Wednesday, April 3, 2013

AG Ramlogan urges senate to join hands to pass legislation to give soldiers power of arrest

Attorney General Anand Ramlogan called on the Senate Tuesday to "join hands" to support legislation to give soldiers additional powers to fight crime, noting that the army cannot sit idly waiting for war while the country is under siege and being “terrorised by gun-toting bandits”.

Ramlogan started the debate on the Miscellaneous Provisions (Defence and Police Complaints) Bill, 2013, successor to the Defence Amendment Bill.

The AG said a small country like Trinidad and Tobago cannot afford to invest one billion dollars a year on the Defence Force with the expectation that "one day, we would go to war or have a prolonged state of emergency".

He stated, "If Venezuela or any other country wants to invade Trinidad and Tobago, the fact of the matter is our army, small and loyal, and committed, and powerful as it is, we’ll have to seek external help. We’ll be calling Uncle Sam or somebody else."

He argued that it is "simply not practical in today’s day and age to have an army on stand-by, standing idle, waiting for something to happen that may never happen."

Ramlogan said with respect to the current situation when police and defence force personnel are on joint operations, soldiers have no power to detain or arrest individuals because soldiers know they do not have that power.

He made it clear that contrary to the hype that the legislation is creating "soldier-police" the reality is that their powers would only be used when on joint operations with the police. 

“So...we are simply seeking to give legal protection and status to soldiers, coast guardsmen, and air guardsmen and women when they are accompanying police officers during joint police operations," Ramlogan said.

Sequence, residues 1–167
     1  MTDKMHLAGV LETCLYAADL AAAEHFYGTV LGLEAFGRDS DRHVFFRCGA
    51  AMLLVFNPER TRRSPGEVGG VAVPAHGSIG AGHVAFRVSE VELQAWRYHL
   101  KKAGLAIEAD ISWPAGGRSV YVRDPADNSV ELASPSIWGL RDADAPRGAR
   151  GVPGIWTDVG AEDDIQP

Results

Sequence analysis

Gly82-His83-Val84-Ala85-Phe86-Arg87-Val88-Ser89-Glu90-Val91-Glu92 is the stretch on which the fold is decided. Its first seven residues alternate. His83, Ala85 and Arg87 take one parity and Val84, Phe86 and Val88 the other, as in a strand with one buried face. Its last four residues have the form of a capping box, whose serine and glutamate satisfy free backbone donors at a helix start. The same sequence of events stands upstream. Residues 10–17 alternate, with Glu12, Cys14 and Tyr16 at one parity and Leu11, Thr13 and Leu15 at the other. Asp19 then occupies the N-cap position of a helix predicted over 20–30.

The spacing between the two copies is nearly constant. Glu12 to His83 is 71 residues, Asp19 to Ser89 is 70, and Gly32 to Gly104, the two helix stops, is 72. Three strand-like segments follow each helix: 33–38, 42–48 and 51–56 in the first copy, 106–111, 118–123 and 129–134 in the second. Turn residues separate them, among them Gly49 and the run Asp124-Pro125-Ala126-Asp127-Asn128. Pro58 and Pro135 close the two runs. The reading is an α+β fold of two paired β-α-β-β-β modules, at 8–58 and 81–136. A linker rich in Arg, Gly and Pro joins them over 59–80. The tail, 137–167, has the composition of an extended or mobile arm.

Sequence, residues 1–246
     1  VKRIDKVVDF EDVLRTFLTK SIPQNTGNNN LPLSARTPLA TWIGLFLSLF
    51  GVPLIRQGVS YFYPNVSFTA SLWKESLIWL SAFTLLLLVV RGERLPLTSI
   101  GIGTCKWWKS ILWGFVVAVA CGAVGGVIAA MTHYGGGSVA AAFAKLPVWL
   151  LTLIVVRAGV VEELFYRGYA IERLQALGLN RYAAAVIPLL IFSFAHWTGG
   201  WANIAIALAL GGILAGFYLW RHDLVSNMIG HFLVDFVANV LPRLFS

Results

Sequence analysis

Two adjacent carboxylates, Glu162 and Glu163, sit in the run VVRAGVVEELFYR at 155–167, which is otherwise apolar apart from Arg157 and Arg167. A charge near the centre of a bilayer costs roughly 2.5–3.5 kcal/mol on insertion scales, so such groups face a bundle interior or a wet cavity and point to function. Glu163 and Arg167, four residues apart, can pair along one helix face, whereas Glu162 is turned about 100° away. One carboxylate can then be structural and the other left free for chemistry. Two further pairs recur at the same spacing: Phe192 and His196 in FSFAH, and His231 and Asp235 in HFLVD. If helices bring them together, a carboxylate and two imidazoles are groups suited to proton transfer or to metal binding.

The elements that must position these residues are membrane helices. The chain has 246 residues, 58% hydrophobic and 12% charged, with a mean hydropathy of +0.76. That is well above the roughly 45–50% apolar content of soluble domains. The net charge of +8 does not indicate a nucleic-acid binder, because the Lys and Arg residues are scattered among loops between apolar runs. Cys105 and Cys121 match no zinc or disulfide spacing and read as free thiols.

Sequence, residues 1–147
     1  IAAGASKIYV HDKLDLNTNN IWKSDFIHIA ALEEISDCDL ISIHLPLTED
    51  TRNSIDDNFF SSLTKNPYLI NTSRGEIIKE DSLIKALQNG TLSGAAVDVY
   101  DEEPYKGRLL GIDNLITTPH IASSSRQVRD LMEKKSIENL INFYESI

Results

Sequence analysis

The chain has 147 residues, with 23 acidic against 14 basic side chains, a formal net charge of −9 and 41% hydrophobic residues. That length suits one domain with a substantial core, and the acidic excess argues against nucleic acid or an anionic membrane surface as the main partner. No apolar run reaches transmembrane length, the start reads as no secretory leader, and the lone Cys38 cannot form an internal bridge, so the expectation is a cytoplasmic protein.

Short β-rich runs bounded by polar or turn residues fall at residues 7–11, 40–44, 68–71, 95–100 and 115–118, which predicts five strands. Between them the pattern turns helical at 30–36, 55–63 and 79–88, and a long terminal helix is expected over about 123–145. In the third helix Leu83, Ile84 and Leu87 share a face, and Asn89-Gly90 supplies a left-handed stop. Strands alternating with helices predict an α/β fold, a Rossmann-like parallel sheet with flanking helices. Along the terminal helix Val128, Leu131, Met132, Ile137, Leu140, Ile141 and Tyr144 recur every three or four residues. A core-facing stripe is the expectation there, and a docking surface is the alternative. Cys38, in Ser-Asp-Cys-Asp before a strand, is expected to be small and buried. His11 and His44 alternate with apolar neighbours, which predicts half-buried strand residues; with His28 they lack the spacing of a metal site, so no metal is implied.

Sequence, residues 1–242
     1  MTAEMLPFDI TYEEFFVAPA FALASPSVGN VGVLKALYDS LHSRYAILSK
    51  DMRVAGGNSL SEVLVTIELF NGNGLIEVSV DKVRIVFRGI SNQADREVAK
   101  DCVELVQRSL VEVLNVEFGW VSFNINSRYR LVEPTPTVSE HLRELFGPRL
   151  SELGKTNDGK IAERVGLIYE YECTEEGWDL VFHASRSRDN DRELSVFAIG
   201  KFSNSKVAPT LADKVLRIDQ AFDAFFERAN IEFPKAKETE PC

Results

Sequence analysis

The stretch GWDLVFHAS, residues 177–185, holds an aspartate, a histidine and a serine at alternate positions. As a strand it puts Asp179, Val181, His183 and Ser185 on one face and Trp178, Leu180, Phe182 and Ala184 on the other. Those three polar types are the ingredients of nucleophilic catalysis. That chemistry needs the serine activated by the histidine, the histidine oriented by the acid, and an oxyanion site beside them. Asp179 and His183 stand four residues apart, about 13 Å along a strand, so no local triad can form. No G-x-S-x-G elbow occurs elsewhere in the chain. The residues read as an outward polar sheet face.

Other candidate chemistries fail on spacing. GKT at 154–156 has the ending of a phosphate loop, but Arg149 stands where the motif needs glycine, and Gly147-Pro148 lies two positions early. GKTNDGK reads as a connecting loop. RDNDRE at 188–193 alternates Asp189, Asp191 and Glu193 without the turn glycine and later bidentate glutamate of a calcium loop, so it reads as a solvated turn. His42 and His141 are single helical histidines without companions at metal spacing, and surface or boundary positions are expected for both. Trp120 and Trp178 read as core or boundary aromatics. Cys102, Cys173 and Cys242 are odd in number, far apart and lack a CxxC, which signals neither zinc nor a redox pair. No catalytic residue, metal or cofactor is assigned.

He stated that soldiers have been operating without legal protection for too long and noted that this is a violation of the rule of law, which the Government wants to change. 

The AG said while there has been "ill-informed" criticism and hype over the bill when you remove "the smoke and hype" the bill really deals with  with a simple problem - getting soldiers involved in the fight against crime. And that is nothing new, he said.

Ramlogan made reference to a newspaper report in August 2005 when then chief of defence staff Col Edmund Dillon noted that soldiers had been assisting police since the 1970s. 

He noted that Dillon had pointed out that the national security environment had changed drastically and the Defence Force could not only focus on external enemies.

He also stated that in 2006, the People’s National Movement (PNM) commissioned Justice Ulric Cross to review the role of the Defence Force, and he recommended a radical transformation with legislation to expand the role of the Defence Force.

The Attorney General said denied that the legislation would create military state as stated by critics. He noted that the PNM administration used soldiers with police for initiatives such as Operation Baghdad and Anaconda. 

He wondered why those who are now speaking out against the bill were silent when soldiers locked down Richplain, Diego Martin, in June 2008.

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Jai & Sero

Jai & Sero

Our family at home in Toronto 2008

Our family at home in Toronto 2008
Amit, Heather, Fuzz, Aj, Jiv, Shiva, Rampa, Sero, Jai